This is the short version of the story: three days before Brad Thiessen was set to run his first 50k trail run, he found himself in emergency surgery having a brain tumor removed. Over the next few years, he was able to journey from the hospital to a 50k run on Inland Northwest trails. A documentary was filmed, called “Proof of Life,” which followed Thiessen along his training journey.
The long version of the story is harder. It has highs and lows and complications that persist today.
“I came out of my second bout with terminal brain cancer (and my third round of cancer) knowing two things: I was not supposed to have survived five years, let alone fifteen, and I would need a goal in order to avoid the overwhelming depression I experienced after the first cancer,” says Thiessen.
As of October, 2017, Thiessen completed his personal goal of running a 50k after chemo. Now, as he faces the big question—“What’s next?”—he wonders the same for his community. He questions how our society approaches cancer treatment, recurrence, and prevention, and what we could do better.
“Out of my experiences and reading has come a belief that most cancer treatments—and other chronic conditions—are missing some of the most effective tools for emotional and physical recovery,” says Thiessen.
This isn’t to say that Thiessen claims to have it figured out. He knows what helped him, though: hitting the trails day after day, and getting outside to connect with nature. Thiessen became an avid trail runner when he moved to Spokane in 2005 and began running in the Dishman Hills Natural Area. After his latest battle with cancer, trail running became a way to stay anchored.
At the 2018 Spokane Great Outdoors and Bike Expo this month, Thiessen will share parts of his upcoming documentary, “Proof of Life,” filmed by local award-winning director and film editor Adam Harum. The film focuses on Thiessen’s journey from physical and emotional weakness to inner and outer strength, which he found through trails, friends, and the running community.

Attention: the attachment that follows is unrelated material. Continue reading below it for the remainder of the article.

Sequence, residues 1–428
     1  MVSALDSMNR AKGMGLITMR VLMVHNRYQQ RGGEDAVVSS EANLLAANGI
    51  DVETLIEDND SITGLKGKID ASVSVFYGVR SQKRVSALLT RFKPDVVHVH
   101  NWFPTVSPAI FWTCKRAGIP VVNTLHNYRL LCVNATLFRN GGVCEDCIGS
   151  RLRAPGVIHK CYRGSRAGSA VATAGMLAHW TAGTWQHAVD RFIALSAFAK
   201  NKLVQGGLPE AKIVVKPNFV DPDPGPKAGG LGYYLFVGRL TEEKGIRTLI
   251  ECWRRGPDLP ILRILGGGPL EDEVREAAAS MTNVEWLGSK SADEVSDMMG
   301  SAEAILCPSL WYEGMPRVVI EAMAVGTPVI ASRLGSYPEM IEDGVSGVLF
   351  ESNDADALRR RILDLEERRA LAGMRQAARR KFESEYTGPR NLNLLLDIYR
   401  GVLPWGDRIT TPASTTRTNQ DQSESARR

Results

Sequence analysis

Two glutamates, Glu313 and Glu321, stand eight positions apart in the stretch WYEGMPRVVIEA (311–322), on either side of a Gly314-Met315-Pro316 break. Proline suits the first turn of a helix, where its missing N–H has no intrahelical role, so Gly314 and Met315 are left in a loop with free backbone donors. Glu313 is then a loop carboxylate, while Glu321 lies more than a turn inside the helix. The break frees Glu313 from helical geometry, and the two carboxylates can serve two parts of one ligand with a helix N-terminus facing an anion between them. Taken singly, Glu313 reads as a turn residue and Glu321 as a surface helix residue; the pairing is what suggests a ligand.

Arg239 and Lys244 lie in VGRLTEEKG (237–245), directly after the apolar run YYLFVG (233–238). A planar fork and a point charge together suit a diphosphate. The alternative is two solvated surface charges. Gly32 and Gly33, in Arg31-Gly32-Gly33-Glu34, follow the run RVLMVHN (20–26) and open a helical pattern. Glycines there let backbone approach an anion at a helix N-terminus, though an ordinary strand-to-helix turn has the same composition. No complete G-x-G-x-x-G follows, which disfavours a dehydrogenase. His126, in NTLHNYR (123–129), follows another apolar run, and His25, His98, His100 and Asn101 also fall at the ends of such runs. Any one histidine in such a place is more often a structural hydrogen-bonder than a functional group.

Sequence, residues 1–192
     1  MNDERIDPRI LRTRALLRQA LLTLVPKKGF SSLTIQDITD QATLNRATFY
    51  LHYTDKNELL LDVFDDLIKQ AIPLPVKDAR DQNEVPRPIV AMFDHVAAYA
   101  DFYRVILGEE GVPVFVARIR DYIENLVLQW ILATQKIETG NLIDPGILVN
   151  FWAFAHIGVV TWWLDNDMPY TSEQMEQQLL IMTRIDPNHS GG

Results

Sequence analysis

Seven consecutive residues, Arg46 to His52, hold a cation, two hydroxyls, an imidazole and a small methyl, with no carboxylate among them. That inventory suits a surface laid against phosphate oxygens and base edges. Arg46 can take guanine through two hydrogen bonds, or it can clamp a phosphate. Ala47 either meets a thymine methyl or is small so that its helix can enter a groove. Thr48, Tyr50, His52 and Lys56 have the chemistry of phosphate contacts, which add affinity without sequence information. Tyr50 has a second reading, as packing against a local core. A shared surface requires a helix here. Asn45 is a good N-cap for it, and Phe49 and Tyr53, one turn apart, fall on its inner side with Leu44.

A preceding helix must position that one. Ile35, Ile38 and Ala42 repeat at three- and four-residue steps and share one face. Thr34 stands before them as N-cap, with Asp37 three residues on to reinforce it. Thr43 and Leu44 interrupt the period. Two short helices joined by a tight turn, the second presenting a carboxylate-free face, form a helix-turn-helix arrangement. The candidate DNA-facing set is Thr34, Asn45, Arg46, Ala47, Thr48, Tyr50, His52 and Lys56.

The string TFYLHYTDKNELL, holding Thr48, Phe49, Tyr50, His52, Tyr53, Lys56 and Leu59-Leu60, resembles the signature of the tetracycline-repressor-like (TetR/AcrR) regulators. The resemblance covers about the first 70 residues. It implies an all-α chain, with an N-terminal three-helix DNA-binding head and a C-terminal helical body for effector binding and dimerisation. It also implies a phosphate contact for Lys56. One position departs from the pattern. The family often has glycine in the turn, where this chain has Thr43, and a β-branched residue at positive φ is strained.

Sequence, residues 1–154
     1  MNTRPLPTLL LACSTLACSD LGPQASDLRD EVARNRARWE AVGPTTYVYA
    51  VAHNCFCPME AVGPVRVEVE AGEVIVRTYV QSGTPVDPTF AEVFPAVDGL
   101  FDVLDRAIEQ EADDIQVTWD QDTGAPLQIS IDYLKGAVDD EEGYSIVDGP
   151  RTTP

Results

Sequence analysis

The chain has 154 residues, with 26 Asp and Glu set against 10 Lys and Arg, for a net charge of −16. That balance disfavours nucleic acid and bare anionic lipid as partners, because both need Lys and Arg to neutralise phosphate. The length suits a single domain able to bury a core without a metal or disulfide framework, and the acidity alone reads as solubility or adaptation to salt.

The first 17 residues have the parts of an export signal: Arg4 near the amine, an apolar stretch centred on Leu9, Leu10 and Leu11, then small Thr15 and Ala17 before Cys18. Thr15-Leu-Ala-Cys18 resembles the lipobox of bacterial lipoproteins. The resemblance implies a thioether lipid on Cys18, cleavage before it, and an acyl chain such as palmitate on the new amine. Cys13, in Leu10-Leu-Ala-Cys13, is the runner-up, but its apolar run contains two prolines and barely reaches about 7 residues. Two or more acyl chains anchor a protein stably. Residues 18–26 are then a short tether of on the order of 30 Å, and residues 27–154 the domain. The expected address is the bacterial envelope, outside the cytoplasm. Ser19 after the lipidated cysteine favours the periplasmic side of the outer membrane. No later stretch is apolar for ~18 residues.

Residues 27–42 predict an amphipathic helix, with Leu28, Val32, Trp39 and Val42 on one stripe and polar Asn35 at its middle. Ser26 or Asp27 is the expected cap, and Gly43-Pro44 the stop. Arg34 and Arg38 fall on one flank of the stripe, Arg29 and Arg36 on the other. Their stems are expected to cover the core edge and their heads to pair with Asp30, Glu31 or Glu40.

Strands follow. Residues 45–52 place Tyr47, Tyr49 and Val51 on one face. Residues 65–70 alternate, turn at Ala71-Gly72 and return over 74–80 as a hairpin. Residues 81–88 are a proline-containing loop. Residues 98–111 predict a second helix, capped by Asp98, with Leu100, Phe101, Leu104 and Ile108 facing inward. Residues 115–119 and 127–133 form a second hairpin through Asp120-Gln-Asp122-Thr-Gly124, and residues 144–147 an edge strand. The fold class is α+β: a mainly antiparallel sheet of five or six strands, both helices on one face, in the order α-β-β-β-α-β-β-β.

“The takeaway of the film is that recovery is an interaction between nature and self,” says Thiessen. “We are a part of nature and nature is a part of us. When we’re active outdoors, our bodies and lives are fed.”
Thiessen looks to continue to feed his body and life while inspiring others. He hopes his film and Expo presentation will inspire folks to run trails as an elevated way to experience nature and their place in it. He also hopes to show that outdoor exercise done in connection with others is a vital component of our health on all levels.
Thiessen had to work on his relationship with his own health as he trained for his long run. A 50k is nothing to sniff at for the healthiest of runners; Thiessen had to accommodate the toll that long-distance trail running had on his cancer recovery.
“I pushed myself to my limits on the trails, and the outdoors shaped me,” says Thiessen.
Since achieving his personal goal, Thiessen plans to keep hitting the trails. He’s signed up for another 50k at the end of April. But Thiessen is thinking bigger than that: he wants to use his experience to inspire our community to provide active outdoors connection for those coming out of life-threatening experiences like cancer. He wants to push harder to develop the spirit of “OutLive Cancer,” a model of post-cancer life he’s working on that is characterized by “intentional physical activity done outdoors in connection with others.”
Come support Thiessen’s journey with the spirit of moving forward as he closes out the presentation schedule at this year’s Expo. You can read more about Thiessen’s journey beforehand at proofoflifefilm.com, or check out his current blog. His presentation will start at the Expo at 2:45 p.m. on Sunday, February 25.
About the Spokane Great Outdoor and Bike Expo:
Where: The Spokane Convention Center, 334 W Spokane Falls Blvd, Spokane, WA 99201
When: Saturday, February 24, 9:00 a.m. – 5:00 p.m. and Sunday, February 25, 10:00 a.m. – 4:00 p.m.
More Info here
(Learn more about Cancer Can’t.)
Lisa Laughlin is a contributor and digital editor for Out There Outdoors.